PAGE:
SEAN Dyche is surprised nobody has done a documentary on football management - and believes if they did people would see the amount of work that goes into the job.

The Clarets chief admits he spends as much of his time dealing with off-pitch issues these days as he does preparing his time for the challenge on the pitch.

And Dyche believes his role at Burnley means he has a say in more issues than some managers at bigger clubs, who are simply told to look after the team while other people take control of recruitment.

"It’s the randomness of a football manager, I’m surprised they haven’t done a documentary on football management," the Turf boss said.

"Fans often get on managers but if they knew the amount of work that goes in I think they will be really, really surprised.

"Some clubs now have built these systems where they'll have a version of this, out and out owner at the top, CEO, day to day, from the CEO, sporting director, scouting and recruitment, youth system, first team - that has changed the role of the manager to purely managing the team.

"At a club like this, its managing a lot of different things, and there are versions of me managing a lot of things out there, but some of the super power concerns are just managing the team.

"Even when you're just managing the team, usually that implies you're at a very big club, and if you are, you're not just managing the team, you're managing the team behind the team, agents, publicists, the bloke who's writing a book, the hairdresser, physio, the babysitter, nanny, au pair, the driver etc.

"If they did a documentary on it, it's non stop."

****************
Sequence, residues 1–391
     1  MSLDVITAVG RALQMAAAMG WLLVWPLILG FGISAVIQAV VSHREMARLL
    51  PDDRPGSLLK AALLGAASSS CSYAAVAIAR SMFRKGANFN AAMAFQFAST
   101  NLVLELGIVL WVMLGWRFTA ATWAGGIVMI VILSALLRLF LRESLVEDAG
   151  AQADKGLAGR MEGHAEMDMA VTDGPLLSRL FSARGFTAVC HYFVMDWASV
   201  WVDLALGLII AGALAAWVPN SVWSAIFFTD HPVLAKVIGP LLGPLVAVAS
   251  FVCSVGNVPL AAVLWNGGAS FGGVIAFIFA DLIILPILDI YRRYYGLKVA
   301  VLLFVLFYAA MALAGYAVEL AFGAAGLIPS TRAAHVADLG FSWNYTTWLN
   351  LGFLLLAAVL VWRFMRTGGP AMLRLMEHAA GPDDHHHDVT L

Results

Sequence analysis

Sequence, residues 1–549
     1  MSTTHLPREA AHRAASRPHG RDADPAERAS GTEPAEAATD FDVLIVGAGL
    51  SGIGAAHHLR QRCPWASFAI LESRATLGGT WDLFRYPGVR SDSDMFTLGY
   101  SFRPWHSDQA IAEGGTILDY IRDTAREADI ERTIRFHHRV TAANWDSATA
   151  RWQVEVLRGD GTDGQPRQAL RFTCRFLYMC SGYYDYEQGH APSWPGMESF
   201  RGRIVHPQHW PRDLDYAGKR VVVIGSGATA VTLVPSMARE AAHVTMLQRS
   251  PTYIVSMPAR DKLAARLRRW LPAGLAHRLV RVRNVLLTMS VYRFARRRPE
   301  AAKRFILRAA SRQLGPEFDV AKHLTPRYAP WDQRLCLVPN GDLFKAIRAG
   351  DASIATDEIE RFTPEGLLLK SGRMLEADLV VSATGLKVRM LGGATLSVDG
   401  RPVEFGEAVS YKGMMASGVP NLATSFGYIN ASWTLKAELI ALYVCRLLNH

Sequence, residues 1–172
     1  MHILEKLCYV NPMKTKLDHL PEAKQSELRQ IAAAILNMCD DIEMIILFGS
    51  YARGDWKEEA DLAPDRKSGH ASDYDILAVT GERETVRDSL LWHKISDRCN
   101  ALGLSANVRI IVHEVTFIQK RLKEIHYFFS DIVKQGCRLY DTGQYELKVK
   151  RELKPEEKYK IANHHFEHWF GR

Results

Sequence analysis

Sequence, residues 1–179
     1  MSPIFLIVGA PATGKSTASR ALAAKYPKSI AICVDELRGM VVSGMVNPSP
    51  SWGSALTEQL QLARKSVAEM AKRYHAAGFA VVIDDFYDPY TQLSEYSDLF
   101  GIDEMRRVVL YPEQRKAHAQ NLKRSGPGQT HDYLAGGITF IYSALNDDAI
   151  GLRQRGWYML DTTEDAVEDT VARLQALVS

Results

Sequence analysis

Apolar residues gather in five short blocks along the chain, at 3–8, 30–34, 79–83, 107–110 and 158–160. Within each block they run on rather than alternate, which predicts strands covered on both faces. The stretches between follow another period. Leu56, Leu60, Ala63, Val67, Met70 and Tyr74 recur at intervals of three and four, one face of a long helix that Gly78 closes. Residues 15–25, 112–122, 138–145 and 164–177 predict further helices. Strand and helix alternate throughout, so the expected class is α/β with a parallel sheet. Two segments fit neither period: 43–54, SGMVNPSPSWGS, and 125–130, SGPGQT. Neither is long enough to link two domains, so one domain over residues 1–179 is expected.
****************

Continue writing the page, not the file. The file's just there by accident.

There's little rest in the summer for Dyche, who returned from a holiday at the end of the season to try and shape his squad for the challenge ahead in 2017/18 as he balances bringing new players in with those on their way out, as well as contract renewals.

"It’s the shifting sands of football. Players move forward, it’s who continually fits, who goes out, who comes in?," he said.

"They're different things that have top be monitored and achieved.

"That’s why the year on year of building, and the points we achieved, it’s a good judgement for us in-house because that development is really important.

"Can you keep moving it forward and keep the players moving forward? I find good value in that.

"It’s monitoring that as you go and figuring out who stays for the longer term and who goes out.

"I’ve always stunned with the weight put on these managers. It’s year on year year and layer upon layer of contracts, new players, coming in and going out, staff changes, fan requirements, shareholders.

"The only thing people really bother with is the pitch and winning the next game.

"All the work about contracts, aligning the club, community work, building a training ground, a new ground, but the only thing that you get measured by is the pitch."